The Queen of Great Britain’s visit to Ireland last month was a landmark occasion in the history of this young Irish Republic. For 700 years the people of this land lived, laboured and died in imposed bondage to the representatives of the English monarchy. Many times we rose in rebellion and tried gallantly to cast off the boot of our oppressors, which pressed down so heavily on our necks.
An ability to never know when we were beaten, married with the patriotic vision of those rebels who died almost a hundred years ago, eventually won us our independence. So when the British monarch came and laid a wreath at the Garden of Remembrance on that historic Tuesday in May, it is hopeful to and necessary to believe that we have finally put the ghosts of our past to rest.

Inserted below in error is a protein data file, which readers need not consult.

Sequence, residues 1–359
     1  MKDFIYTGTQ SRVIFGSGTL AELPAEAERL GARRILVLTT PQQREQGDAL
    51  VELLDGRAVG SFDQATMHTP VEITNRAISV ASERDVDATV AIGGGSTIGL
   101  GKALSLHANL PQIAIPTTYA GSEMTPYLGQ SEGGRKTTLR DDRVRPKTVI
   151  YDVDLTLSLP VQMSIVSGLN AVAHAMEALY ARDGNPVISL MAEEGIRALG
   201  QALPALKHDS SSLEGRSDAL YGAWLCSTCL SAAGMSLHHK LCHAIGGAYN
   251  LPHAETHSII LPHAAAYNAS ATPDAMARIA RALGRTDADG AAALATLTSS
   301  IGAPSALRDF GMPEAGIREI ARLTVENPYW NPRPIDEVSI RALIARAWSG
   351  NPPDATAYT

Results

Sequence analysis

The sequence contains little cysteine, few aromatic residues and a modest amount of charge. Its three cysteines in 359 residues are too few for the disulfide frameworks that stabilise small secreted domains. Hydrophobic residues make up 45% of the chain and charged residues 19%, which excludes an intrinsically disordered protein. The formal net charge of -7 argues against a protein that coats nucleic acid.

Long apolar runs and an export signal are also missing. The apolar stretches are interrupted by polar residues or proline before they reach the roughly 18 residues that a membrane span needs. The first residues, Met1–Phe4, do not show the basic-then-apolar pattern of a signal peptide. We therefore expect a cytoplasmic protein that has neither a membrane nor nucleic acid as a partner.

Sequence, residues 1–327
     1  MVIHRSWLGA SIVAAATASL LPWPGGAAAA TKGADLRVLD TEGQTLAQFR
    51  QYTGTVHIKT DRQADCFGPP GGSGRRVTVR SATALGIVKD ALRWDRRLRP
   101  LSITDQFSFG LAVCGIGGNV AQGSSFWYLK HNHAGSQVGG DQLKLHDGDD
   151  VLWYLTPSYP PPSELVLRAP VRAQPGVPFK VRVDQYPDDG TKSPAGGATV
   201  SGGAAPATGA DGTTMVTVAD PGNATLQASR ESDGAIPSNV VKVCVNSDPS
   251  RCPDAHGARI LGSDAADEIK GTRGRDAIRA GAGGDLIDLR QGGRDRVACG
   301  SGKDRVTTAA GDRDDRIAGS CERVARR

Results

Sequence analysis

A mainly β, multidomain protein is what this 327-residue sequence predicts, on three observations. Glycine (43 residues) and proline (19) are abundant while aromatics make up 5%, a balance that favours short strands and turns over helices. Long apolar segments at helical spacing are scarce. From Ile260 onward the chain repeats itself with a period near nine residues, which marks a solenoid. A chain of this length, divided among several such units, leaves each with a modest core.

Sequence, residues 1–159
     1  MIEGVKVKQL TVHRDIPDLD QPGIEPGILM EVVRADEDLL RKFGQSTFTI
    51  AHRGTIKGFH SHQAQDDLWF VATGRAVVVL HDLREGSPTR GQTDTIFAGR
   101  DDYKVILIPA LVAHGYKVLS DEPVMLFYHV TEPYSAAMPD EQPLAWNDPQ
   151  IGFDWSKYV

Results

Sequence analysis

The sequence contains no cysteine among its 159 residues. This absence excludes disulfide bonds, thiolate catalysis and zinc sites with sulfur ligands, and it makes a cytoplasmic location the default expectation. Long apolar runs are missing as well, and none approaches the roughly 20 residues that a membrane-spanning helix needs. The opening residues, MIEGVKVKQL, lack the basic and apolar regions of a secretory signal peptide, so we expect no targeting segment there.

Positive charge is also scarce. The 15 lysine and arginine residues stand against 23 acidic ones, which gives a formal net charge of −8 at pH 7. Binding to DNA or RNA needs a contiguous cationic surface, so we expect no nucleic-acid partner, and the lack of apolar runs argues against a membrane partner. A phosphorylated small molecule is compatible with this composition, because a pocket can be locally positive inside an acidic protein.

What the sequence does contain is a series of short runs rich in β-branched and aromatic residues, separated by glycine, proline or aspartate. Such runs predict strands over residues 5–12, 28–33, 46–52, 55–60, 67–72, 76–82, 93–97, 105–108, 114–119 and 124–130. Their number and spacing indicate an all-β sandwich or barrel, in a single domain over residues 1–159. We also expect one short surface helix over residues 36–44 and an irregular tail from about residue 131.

Why is this necessary? Because the future of this worthy land of ours will forever be linked in some way to the country of our nearest neighbours. No more are we the small child in the playground to be bullied and kicked around by the big kid. Small we may be but we turned and fought and more than bloodied the nose of our aggressor. The laying of that wreath signified there is a respect for our prowess and ability to fight when we have to. And what greater cause is there to fight and die for, than the freedom of one’s country? Nationalists up and down the country should rejoiced when that wreath was laid for at last we were being treated, beyond reasonable doubt, as equals by our former oppressors.
The links between our two nations should be nourished and kept strong because of this visit. No longer do we have the inferiority complex which plagued us; we are a strong but welcoming nation. To see Queen Elizabeth respecting rebels, who fought and died against her predecessors’ throne, should make us all that little bit prouder to be Irish
At this time in our history we should be proud of what we have achieved and the future to which we march towards. We will never forget but we can always forgive.